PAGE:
Last year, when Martha’s Vineyard Striped Bass and Bluefish Derby chairman John Custer was contacted by a local artist who wanted to donate prints for the tournament awards ceremony he didn’t think much of it.

“I didn’t have any expectations. I had never met him before,” said Mr. Custer.

The artist was Abe Pieciak, a local fisherman and chef whose watercolor painting of a striped bass, the outline of which was filled in with colorful lures, quickly created a buzz.

Lure Fish series was inspired by fishermen who create their own wooden plugs. — Courtesy Abe Pieciak

Four framed prints of Mr. Pieciak’s striped bass “lure fish” were given out at last year’s awards ceremony.

“We didn’t even have time to promote it, but he got so much word of mouth publicity because it was such a unique piece of art,” said Mr. Custer.

The striped bass was the first fish that Mr. Pieciak painted. “It’s my favorite one,” he said. “It’s pretty bad, but amazing. It’s a striped bass, but it doesn’t really look like a striped bass.”

Mr. Pieciak grew up in Maine and has been a fisherman all his life. Since moving to the Vineyard five years ago, he has worked at Lambert’s Cove Inn, the Ocean Club, Kitchen Porch Catering and the Harbor View Hotel. He spent this past winter living in New York city with his girlfriend Caitlin Thurbuena, where he continued to cook and work on his lure fish series, painting false albacore, bluefish, bonito, large mouthed bass and trout.

“I just kind of did it,” he said. “I’m inspired by all the guys who make their own wooden plugs on the lathes and paint them all different colors, and I love fishing and art so I just kind of put the two together.”

But what started out as a hobby quickly became much more. Last January, Mr. Pieciak created the Lure Fish Facebook page and offered prints for sale. After a few sold, he decided to make a new striped bass and put the prints up for sale.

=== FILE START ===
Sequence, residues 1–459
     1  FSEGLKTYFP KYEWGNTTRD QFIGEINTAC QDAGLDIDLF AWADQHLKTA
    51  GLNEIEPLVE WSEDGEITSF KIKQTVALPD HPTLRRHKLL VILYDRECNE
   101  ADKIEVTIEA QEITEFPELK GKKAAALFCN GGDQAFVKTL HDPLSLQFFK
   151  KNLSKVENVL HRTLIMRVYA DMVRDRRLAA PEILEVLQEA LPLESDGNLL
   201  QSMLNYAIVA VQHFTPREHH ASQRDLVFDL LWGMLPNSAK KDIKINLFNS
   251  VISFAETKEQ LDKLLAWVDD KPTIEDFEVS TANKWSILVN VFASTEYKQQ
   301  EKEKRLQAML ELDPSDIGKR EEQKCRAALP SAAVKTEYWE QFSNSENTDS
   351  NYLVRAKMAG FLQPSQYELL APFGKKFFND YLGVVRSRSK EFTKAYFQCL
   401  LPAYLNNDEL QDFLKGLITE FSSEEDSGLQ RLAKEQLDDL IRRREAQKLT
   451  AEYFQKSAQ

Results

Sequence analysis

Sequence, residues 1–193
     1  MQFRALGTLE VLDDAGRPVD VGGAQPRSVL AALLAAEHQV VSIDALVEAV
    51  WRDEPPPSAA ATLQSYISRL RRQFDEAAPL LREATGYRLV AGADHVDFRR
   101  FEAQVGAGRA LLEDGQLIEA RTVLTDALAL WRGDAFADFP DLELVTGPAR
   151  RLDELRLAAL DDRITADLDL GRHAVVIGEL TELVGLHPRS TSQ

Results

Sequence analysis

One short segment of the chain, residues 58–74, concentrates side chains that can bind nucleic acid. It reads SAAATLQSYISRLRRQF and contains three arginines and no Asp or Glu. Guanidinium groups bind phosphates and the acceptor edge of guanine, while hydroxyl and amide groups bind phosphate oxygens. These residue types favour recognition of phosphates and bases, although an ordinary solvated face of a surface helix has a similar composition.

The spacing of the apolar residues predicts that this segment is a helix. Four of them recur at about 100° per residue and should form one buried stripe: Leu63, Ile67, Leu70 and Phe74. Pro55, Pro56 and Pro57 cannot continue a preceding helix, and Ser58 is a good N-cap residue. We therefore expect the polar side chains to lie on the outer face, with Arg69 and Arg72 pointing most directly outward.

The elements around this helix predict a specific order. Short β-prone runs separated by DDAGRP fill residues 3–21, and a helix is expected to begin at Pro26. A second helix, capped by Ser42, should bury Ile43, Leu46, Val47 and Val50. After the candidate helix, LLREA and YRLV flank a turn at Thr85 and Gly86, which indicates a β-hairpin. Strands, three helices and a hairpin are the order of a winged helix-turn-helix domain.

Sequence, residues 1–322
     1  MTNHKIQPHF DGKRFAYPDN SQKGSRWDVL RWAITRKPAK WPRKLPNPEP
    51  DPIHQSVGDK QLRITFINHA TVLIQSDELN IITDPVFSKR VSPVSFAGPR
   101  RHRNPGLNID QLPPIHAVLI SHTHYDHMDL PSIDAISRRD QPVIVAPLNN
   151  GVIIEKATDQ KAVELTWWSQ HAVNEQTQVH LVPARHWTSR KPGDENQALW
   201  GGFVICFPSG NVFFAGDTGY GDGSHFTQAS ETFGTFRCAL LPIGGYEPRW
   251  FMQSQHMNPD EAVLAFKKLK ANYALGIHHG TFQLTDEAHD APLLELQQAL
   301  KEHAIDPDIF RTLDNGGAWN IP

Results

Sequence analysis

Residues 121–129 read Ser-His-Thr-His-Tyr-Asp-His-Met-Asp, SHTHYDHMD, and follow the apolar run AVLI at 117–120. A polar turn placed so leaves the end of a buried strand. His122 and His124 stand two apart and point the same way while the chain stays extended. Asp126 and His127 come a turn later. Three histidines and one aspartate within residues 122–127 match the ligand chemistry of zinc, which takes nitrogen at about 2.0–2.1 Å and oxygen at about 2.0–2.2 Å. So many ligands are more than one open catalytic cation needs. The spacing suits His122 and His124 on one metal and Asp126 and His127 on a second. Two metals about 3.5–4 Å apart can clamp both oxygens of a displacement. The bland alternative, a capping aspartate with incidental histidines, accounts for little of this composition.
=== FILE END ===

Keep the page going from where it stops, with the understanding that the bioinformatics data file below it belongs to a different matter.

Tools of the trade. — Alison L. Mead

“Thirty prints sold in a day . . . it was amazing,” he said. “Selling one piece of art in my eyes, even if it’s 50 cents, is amazing. Then I was like, oh, my God, now I have to ship all of these things. How am I going to do that?”

So he started a website which served as a showcase for his work, but also helped to organize sales.

“And then I printed it on a shirt,” he said. “And a sticker and a sweatshirt.”

From there, the momentum continued.

His stepfather and his mother, also an artist, offered to help with the clothing part of the business from their home in Maine, which includes T-shirts, sweatshirts and, in the future, aprons and canvas beach bags hand sewn by his mother.

Trash fish was created with flotsam and jetsam found while fishing. — Alison L. Mead

“There will eventually be two different styles of T-shirts, one will be rugged T-shirts and another will be soft cotton,” said Mr. Pieciak. “I want fisherman to be able to buy the shirts and just trash them.”

This spring he returned to the Island and reached out to Mr. Custer, offering to donate more work to the derby. This time, Mr. Pieciak planned to create and donate 35 prints to the competition — one to be given away each day of the derby, plus two framed prints for the awards ceremony.

“That is such a noble, generous kind of thing,” said Mr. Custer. “That whole idea of giving back is the whole idea of what the derby was about in 1946.”

The prints feature the four derby fish: striped bass, bluefish, bonito and false albacore.

“It took a very, very long time,” said Mr. Pieciak. “I love the way it came out. I did it with new paints that my mother got me.” As for the prints, Mr. Custer hasn’t decided how the giveaways will work just yet. “What he is doing is aligned with the whole idea of the derby, giving back to the community,” Mr. Custer said. “His whole approach to it was refreshing and sincere, so I’m contemplating how exactly to award it in the spirit in which it was given. We’ll likely award them to individuals who represents those traits, as opposed to someone who caught a fish.”

As he settles into his winter rental in West Tisbury, Mr. Pieciak has big plans for the off-season. He hopes to paint 50 different kinds of fish, including some of the southern fish, which he has had requests for. He also plans to have an art show this spring featuring original watercolors.

“My goal is to have a gallery and store somewhere,” he said. “But it’s going to take a little time.”

As for his more immediate plans, Mr. Pieciak said he will be fishing every day of the derby.

So what does he love more, fishing or painting?

“That’s tough,” he said. “I like painting and then going fishing after, and then coming home and maybe painting a little more.”